MOGADISHU, July 22 (Reuters) - Somalia's Islamists refused talks with the government on Saturday, as witnesses said Ethiopia deployed more troops over the border to defend the government's provincial base against an Islamist advance.
A second round of talks had been scheduled to take place in the Sudanese capital Khartoum in a bid to stop an increasingly belligerent standoff between the two sides from spiralling into war.
"We do not negotiate with a government which is being helped by the enemy of Somalia," senior Islamist leader Sheikh Sharif Ahmed said in a letter to Islamist delegates to the talks.
Diplomats fear Somalia is on the verge of conflict after Islamist militia moved their closest to the government's provincial base in Baidoa this week amid daily reports of new Ethiopian military movements in the country.
The Islamist leadership, vowing holy war, has called on the Horn of African nation of 10 million to prepare to fight against the foreign troops, as Addis Ababa threatened to crush any attack on President Abdullahi Yusuf's government.
Analysts believe Ethiopia, the Horn's dominant power, has sent up to 5,000 troops into Somalia, and is massing more on the border to deter Islamist advances.
A source close to Somali government leaders admitted the presence of Ethiopian troops on Somali soil.
"They are there, but not in the big numbers people are saying. But believe me, if the Islamists attack, they will come," said the source, who did not wish to be named.
"Our national army is not set up yet, and they have many militias, so we need assistance."
Several residents in Baidoa said more Ethiopian forces and armoured vehicles arrived overnight to help guard the parliament, presidential palace and airport.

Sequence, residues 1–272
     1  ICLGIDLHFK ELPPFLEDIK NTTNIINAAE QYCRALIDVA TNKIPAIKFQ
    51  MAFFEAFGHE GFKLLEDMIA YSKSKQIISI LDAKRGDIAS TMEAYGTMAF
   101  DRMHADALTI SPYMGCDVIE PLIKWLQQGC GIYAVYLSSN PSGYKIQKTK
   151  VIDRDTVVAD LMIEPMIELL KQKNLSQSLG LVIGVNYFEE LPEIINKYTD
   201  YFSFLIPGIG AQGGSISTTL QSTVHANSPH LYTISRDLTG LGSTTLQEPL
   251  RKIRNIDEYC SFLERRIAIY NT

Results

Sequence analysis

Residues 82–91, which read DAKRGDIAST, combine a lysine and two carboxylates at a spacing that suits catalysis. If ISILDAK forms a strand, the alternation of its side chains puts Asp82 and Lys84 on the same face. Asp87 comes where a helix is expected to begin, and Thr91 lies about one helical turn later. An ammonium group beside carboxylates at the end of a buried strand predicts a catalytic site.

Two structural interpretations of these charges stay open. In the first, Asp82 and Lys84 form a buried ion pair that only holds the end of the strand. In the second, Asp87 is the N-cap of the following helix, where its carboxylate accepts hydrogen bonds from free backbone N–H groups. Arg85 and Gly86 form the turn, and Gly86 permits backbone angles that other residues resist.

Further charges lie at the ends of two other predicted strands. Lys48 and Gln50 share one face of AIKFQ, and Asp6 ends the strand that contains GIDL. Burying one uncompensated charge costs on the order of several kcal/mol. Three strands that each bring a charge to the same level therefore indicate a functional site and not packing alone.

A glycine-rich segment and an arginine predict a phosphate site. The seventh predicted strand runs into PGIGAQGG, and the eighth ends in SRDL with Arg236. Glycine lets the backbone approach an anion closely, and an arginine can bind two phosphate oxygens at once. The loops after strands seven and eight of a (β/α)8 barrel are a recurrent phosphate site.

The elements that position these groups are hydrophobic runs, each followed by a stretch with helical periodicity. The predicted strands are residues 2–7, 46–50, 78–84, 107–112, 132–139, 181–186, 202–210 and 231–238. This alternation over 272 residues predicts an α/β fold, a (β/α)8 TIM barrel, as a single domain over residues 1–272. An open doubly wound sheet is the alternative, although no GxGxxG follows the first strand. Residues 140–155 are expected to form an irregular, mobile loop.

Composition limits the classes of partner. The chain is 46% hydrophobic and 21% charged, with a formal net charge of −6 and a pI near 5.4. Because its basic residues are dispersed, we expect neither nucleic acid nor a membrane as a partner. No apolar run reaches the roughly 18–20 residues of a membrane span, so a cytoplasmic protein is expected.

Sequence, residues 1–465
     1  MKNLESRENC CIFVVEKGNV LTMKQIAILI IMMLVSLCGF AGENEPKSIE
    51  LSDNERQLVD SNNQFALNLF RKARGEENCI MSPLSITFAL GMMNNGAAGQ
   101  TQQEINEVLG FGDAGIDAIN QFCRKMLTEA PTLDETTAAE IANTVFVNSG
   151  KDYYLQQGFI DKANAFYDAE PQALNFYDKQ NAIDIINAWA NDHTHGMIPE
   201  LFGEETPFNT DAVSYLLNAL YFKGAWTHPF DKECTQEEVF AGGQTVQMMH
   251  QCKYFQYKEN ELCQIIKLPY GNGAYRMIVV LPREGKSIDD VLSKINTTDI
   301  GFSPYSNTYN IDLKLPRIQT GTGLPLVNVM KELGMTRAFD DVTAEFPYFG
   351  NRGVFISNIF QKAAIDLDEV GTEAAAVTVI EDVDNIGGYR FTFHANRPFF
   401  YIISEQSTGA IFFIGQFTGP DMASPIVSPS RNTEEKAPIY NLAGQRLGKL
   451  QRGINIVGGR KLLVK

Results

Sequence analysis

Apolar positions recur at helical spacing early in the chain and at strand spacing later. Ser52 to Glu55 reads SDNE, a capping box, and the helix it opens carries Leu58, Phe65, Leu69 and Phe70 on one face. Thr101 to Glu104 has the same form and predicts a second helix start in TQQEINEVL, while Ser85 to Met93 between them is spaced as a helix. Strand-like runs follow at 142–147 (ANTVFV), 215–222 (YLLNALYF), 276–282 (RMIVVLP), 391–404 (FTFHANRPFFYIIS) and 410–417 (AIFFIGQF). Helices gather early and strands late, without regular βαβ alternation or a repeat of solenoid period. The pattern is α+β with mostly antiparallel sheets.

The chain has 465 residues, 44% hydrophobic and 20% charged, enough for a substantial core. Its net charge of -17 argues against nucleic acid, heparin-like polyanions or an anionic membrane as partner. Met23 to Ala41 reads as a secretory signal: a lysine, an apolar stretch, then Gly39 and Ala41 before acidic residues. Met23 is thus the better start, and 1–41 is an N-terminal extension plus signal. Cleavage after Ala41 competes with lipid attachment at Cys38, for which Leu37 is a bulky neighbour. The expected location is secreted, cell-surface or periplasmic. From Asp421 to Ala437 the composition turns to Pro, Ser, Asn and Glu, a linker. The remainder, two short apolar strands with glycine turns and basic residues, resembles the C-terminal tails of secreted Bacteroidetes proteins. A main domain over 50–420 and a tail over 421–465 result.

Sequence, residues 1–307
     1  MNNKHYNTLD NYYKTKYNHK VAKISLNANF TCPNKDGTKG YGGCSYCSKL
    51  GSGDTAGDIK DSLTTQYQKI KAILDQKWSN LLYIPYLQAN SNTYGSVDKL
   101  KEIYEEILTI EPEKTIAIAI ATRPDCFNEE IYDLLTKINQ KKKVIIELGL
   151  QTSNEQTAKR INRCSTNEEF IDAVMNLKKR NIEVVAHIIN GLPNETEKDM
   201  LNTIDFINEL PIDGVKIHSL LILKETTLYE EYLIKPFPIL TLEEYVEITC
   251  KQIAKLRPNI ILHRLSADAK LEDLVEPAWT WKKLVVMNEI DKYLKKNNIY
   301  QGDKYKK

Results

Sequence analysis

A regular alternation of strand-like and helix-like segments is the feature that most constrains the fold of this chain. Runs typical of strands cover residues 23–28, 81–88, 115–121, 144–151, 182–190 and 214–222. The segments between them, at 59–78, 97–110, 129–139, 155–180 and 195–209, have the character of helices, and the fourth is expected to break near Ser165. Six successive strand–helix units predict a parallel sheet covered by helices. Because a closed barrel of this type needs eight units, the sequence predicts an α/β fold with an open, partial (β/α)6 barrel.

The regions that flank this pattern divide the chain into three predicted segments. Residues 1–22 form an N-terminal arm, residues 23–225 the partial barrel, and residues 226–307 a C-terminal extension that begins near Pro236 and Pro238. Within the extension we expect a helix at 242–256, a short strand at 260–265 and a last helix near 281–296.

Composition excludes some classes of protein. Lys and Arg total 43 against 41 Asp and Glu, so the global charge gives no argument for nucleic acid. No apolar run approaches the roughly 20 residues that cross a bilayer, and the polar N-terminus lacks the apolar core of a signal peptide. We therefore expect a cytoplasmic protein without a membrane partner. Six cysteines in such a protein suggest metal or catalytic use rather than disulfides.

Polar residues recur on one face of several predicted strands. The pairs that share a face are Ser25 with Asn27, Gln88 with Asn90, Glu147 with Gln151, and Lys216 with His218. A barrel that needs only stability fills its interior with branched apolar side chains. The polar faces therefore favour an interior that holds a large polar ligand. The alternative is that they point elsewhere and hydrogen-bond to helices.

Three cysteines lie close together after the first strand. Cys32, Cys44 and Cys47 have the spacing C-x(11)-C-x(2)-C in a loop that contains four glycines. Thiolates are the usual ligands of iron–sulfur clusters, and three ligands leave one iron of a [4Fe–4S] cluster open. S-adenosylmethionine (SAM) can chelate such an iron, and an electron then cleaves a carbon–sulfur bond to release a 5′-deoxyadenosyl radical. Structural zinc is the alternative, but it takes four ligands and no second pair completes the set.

"Ten more Ethiopian military vehicles arrived last night with around 300 troops," said former militiaman and Baidoa resident Abdirizak Adan.
"The Ethiopian troops have changed their uniforms and are now wearing the same clothes as the Somali government soldiers."
The government imposed a curfew on the hill town three days ago, Adan said.
More than 50 pickup trucks mounted with heavy arms left Mogadishu, the Islamist stronghold which they captured from U.S.-backed warlords last month, various residents said.
They said the Islamist militia were accompanied by Eritrean and Ethiopian rebel forces and were heading towards Baidoa and Buur Hakaba.
The reported movements could not be independently verified.
Traditionally Christian Ethiopia fears a hardline Muslim state on its doorstep and possible Islamist aspirations to create a "Greater Somalia" that would incorporate Ethiopia's southeastern ethnically Somali Ogaden region. (Additional reporting by Mohammed Abbas in Khartoum)
Source: Reuters News